Country music star Travis Tritt is seeking at least $10 million in damages from a Nashville record label owned by Haven Healthcare CEO Raymond Termini, claiming that his career has suffered "irreparable damage" because of the company's "false, unfair and deceptive acts."
In a lawsuit filed Tuesday at U.S. District Court in Nashville, the two-time Grammy winner charges that he was induced to sign a contract with Termini's Category 5 Records in December 2005 based on false promises, including Termini's assertions that he was "a man of substantial means and wealth" who would pour his personal fortune into the company.
Tritt wants to sever all ties with the record label and is asking the court to appoint a receiver to take over management of the company to ensure that his financial interests are protected.
"Tritt was not aware that Haven Healthcare had invested in or otherwise had any relationship with Category 5 until these recent news reports," the lawsuit says, referring to disclosures in The Courant last month that Termini had used assets of the nursing home chain to launch the record label.
Termini made "misrepresentations of material fact to Tritt, representing that Category 5 was competent and financially sound and backed by Termini's personal wealth," the lawsuit says.
Termini said through a spokeswoman late Tuesday that he had not been served with notice of the lawsuit and would not comment until he had a chance to review it.
In a 16-page complaint, Tritt said that he agreed to sign with Category 5, despite initial reservations about its lack of experience, based on Termini's assurances that Tritt would have broad "creative and marketing input." But he said that his agreement with Category 5 began to unravel soon after it was signed, when the record label reneged on a promise not to sign other recording artists without first consulting Tritt and his management team.
Tritt also charged that Termini mismanaged the release of his album "The Storm" in August 2007, misspending advertising and promotion money and firing "most of" the label's employees prior to the release of the album's second single to the radio market.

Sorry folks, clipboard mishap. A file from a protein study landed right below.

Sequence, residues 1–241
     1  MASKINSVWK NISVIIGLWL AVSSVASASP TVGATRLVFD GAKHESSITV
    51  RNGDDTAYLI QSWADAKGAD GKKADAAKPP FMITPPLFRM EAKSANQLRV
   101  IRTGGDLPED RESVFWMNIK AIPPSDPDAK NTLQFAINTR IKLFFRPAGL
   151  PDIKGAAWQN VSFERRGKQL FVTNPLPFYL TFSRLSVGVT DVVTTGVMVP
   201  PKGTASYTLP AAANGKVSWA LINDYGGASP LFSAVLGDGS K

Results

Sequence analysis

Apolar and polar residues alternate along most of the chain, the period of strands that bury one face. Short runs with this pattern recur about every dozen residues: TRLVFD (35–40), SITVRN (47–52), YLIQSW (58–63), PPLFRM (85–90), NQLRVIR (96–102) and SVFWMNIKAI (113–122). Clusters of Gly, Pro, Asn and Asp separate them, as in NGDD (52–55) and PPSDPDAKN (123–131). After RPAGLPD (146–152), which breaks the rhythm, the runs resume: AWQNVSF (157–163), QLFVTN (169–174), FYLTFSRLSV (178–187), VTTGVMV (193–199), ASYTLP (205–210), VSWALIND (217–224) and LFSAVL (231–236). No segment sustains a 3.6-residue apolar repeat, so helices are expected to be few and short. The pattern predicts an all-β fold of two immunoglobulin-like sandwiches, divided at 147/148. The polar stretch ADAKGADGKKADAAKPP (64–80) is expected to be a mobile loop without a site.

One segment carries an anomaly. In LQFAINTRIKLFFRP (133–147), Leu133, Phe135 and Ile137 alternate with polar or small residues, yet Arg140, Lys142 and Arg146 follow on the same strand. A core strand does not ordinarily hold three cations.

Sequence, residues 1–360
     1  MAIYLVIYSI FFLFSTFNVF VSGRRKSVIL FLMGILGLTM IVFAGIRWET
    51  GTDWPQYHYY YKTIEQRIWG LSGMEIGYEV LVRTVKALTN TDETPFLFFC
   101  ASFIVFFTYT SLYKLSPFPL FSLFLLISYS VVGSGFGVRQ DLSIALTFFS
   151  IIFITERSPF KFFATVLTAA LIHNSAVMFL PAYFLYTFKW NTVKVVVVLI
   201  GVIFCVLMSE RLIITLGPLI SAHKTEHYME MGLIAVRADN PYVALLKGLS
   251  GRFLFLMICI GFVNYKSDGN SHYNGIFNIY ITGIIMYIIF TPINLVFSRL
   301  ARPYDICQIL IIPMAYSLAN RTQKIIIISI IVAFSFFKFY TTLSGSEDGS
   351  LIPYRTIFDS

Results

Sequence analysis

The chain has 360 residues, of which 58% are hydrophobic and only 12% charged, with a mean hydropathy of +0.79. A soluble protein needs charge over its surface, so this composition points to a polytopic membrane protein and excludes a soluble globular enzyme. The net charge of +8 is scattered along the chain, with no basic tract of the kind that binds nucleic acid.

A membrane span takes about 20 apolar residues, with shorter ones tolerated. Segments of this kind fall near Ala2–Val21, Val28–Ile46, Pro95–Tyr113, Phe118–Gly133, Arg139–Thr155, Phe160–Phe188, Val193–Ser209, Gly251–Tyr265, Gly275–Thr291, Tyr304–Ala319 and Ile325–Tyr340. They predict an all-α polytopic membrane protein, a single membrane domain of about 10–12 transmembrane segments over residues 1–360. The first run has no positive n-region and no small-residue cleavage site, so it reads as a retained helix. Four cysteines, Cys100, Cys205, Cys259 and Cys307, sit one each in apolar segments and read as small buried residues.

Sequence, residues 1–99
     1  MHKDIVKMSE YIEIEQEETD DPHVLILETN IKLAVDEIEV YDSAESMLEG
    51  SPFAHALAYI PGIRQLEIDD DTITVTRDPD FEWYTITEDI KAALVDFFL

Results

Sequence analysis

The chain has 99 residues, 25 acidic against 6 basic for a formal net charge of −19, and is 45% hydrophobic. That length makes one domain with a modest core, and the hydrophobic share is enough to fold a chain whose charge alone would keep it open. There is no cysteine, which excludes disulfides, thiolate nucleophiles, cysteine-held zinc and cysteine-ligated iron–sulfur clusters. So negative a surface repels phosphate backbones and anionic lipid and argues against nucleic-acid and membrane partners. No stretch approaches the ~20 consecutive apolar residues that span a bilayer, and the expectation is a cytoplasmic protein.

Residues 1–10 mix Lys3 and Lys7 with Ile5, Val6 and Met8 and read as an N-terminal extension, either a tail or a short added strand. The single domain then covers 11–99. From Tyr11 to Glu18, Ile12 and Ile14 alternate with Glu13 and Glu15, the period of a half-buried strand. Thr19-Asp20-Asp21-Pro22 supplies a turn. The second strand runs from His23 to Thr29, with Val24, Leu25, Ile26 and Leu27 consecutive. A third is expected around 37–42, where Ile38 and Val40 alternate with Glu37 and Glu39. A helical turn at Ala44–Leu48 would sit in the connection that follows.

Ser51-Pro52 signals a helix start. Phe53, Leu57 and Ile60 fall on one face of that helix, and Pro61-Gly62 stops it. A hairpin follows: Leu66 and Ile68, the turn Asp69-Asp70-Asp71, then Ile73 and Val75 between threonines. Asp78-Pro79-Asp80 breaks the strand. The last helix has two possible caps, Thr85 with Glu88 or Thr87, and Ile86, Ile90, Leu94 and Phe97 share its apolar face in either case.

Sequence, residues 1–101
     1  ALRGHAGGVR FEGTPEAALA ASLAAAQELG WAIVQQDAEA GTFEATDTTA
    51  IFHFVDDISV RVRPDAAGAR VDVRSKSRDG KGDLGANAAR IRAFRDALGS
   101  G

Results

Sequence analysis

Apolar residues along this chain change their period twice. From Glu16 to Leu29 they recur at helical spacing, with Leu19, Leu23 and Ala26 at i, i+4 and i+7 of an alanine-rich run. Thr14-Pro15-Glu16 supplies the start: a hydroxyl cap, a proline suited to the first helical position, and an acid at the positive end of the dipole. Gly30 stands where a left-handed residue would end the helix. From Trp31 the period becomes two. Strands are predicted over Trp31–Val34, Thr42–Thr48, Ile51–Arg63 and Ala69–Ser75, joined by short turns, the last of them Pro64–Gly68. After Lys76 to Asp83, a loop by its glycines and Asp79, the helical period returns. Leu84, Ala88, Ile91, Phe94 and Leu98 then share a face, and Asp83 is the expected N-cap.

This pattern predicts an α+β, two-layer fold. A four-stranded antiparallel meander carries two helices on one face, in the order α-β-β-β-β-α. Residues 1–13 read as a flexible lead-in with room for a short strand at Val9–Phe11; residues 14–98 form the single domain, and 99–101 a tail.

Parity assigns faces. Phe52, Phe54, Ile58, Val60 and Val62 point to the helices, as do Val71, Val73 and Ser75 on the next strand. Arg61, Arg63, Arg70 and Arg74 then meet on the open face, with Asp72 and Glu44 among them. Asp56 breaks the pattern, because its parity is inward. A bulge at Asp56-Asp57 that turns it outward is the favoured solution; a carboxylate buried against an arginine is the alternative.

"All of these steps, and others, were in violation of the representations that Termini had made to Tritt to induce him to sign the agreement with Category 5, were disastrous to the success of the initial release of 'The Storm' and the release of its second single," the suit says.
Tritt claims that Termini then refused to reimburse him for some of his travel costs to promote the album, leaving him to pay more than $307,000 out of his own pocket. In addition, the suit claims that Category 5 has defaulted on paying Tritt more than $190,000 in royalties owed to him.
Termini acknowledged to The Courant last month that he had used more than $8 million in proceeds derived from his nursing home companies to launch Category 5 Records. He said that the money came from a refinancing loan obtained through Haven Healthcare's parent company, and that the transaction did not affect the chain's ability to pay bills or its patient care.
But auditors with the state Department of Social Services and Attorney General Richard Blumenthal have said that the diversion of funds is a major reason that the chain is now in bankruptcy, with liabilities exceeding $46 million.
Blumenthal has charged that Termini and other company officials improperly diverted millions in government funds intended for patient care to the record label and other purchases, leaving nursing home bills for basic utilities, such as heat and electricity, unpaid. The chain also has been fined at least 45 times by state and federal health officials for serious patient-care deficiencies in the past three years.
Tritt's manager, Duke Cooper, said in an interview late Tuesday that Tritt "never would have done business" with Termini if he had known that any of Haven's nursing homes had been cited for serious patient-care violations.
"Ray just totally misled us, all the way around," Cooper said.
In the lawsuit, Tritt alleges that Termini's failure to disclose the "investment by Haven Healthcare into Category 5 and the reported sum of that investment" constitutes an unfair trade practice that violates Tennessee's consumer protection law.
He also alleges that Termini has "directly threatened to harm Tritt's future career" by making disparaging comments about Tritt and his management team to other record labels.
Without Tritt, the fate of Category 5 Records - housed in a $2.1 million building that state social services auditors say Termini purchased with proceeds from nursing home operations - is uncertain. In the lawsuit, Tritt described the record company as virtually "defunct" and "expected to close its doors within a matter of days." Category 5 was not included in Termini's bankruptcy filing.
Last month, The Courant reported that several managers on Haven Healthcare's payroll were working for Category 5 Records, and that a group of Haven maintenance workers had gone to Nashville early this year to help renovate the record label's building. The bulk of Haven's funding - including money for salaries - comes from government Medicaid and Medicare money.
Contact Lisa Chedekel at email@example.com.Copyright © 2015, The Baltimore Sun